With his first Bastille Day approaching on Saturday, François Hollande and his government have had a good start to his presidency, impressing the French with a down-to-earth style. Mr. Hollande, a Socialist, and his prime minister, Jean-Marc Ayrault, have ordered downgrades in official luxury that have set a tone self-consciously different from that of the supposedly “bling bling” presidency of Nicolas Sarkozy.
In politics, symbols are also substance, and the changes range from the large to the small. Mr. Hollande has actually taken the train to Brussels, without a state jet following him, and his ministers have been ordered to hit the rails when possible (with a free pass on the national railway system). When they fly, they are encouraged to travel in coach class on commercial airlines. (Upgrades on Air France are probably a given for ministers, in any case.)
Official cars have been diminished in size and in luxury. Mr. Hollande has given up the presidential Citroën C6 for a smaller but hardly shabby Citroën DS5 diesel hybrid. He has reduced the ranks of his official drivers to two from three, and they are now supposed to stop at red lights. Mr. Ayrault gave up his C6 for a cheaper Peugeot 508. Cabinet ministers have also traded down, and the housing minister, Cécile Duflot, an ecologist who was criticized for wearing jeans to an Élysée Palace meeting, has ordered four official bicycles.
Champagne at receptions has largely been replaced by Muscadet, a considerably cheaper white wine, and prices at the official cafeterias for ministerial employees, always a bargain, have been raised modestly.
Even security has been put to the knife, at least a little. Junior ministers no longer get bodyguards, and the number of security workers attached to the presidency has been reduced by a third.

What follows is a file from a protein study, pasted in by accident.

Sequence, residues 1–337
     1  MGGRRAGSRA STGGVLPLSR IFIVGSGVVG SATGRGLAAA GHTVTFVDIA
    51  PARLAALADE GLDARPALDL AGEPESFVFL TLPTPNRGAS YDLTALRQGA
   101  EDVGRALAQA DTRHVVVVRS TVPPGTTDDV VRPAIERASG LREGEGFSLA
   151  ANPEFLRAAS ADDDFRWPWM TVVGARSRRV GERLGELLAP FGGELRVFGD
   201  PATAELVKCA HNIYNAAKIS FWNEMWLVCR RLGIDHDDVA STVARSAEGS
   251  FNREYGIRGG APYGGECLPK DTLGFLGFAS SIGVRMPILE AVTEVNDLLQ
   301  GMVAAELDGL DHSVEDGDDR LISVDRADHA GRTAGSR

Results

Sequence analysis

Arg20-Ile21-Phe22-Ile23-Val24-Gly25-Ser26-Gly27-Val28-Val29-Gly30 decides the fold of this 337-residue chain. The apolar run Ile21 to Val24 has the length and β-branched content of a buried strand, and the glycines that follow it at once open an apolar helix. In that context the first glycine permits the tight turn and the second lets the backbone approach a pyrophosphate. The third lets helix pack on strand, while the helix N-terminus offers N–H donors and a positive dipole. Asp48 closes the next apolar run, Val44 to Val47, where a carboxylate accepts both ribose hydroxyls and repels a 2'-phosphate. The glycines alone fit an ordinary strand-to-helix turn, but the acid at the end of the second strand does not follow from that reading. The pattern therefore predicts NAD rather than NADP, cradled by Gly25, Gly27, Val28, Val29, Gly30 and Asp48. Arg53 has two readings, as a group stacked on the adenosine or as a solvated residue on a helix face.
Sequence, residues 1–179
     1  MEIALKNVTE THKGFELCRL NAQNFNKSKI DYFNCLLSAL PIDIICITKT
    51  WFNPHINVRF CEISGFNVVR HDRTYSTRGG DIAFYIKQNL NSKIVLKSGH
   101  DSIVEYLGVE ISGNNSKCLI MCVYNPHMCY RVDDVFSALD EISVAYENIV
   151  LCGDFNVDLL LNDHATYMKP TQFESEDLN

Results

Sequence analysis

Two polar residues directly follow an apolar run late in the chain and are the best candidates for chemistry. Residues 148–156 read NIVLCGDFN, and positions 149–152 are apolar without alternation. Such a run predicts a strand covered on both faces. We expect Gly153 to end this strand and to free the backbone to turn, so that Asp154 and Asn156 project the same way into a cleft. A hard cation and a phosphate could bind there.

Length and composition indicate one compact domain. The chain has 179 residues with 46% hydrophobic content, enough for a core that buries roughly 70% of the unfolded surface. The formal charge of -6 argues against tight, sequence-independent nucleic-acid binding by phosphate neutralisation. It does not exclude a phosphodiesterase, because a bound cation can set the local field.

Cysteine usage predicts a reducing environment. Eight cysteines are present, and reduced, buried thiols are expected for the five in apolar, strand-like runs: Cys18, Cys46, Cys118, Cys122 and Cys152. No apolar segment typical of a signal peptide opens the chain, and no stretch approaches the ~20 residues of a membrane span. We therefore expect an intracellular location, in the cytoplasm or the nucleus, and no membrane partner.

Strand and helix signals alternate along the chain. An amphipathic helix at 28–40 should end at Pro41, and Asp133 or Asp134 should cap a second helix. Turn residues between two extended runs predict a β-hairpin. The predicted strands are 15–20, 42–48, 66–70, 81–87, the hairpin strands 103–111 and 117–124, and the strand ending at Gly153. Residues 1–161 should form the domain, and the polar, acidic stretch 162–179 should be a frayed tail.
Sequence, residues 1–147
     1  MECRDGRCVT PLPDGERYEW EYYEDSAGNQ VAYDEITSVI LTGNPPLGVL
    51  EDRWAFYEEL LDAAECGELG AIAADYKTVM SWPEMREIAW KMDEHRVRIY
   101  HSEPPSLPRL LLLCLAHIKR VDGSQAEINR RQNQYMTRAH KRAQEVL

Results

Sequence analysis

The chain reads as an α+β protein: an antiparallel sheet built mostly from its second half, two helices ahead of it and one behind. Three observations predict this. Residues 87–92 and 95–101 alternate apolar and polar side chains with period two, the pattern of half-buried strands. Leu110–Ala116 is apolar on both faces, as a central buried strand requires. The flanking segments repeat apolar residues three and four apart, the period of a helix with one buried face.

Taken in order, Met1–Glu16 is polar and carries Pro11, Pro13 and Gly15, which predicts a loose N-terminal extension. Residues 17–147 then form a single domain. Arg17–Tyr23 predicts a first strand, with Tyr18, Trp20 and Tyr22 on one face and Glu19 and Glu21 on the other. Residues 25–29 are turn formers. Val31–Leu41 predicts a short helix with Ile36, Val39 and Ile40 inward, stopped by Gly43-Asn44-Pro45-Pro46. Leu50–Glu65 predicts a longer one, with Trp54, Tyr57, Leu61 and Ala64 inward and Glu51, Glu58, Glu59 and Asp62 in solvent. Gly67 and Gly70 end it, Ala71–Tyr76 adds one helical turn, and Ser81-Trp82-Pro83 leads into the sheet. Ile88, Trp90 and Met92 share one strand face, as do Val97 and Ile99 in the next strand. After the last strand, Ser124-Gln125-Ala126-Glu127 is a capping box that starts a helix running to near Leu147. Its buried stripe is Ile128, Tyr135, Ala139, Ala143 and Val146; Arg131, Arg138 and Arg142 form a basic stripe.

In general, Mr. Ayrault has ordered his ministers to reduce their official budgets sharply, by 7 percent in 2013 and by an additional 4 percent in each of the next two years.
As he promised during the campaign, Mr. Hollande has cut ministerial salaries by 30 percent (including his own, to $18,000 a month from $26,000). And for the first time, the salaries of ministers cannot exceed the prime minister’s salary, which is about $16,000 a month. Pierre Moscovici , the finance minister, told L’Express that “my salary is lower than that of my chief of staff, 12,000 euros, and of a few hundred of the civil servants” at the ministry. That is about $14,600 a month.
There has, of course, been criticism, especially from the center-right and from business leaders. Valérie Pécresse, the budget minister in Mr. Sarkozy’s government, has ridiculed these efforts as nearly meaningless in the face of France’s budget crisis, with total debt nearly 90 percent of gross domestic product and debt service alone costing more than $60 billion a year. “The austerity of the left is hypocritical,” she said. “Who will believe that the budget can be balanced by doubling the annual direct wealth tax and by lowering the salaries of ministers?”
But the symbolism is also meant to prepare the French for tougher times ahead, for some sacrifices to their own way of life and to the social-welfare system in the face of high deficits and demographic change.
Even more startling is the government’s intention to limit the remuneration of the bosses of major state-owned companies, to about 20 times that of the lowest-paid employee, or about $550,000 a year — part of an effort to end what Mr. Moscovici has called “intolerable hyperinequalities.” Henri Proglio, the chief executive of Électricité de France, reportedly earns $1.9 million a year — 64 times that of the company’s lowest-paid employee — and he could be paid about a third of what he gets now if the law goes through.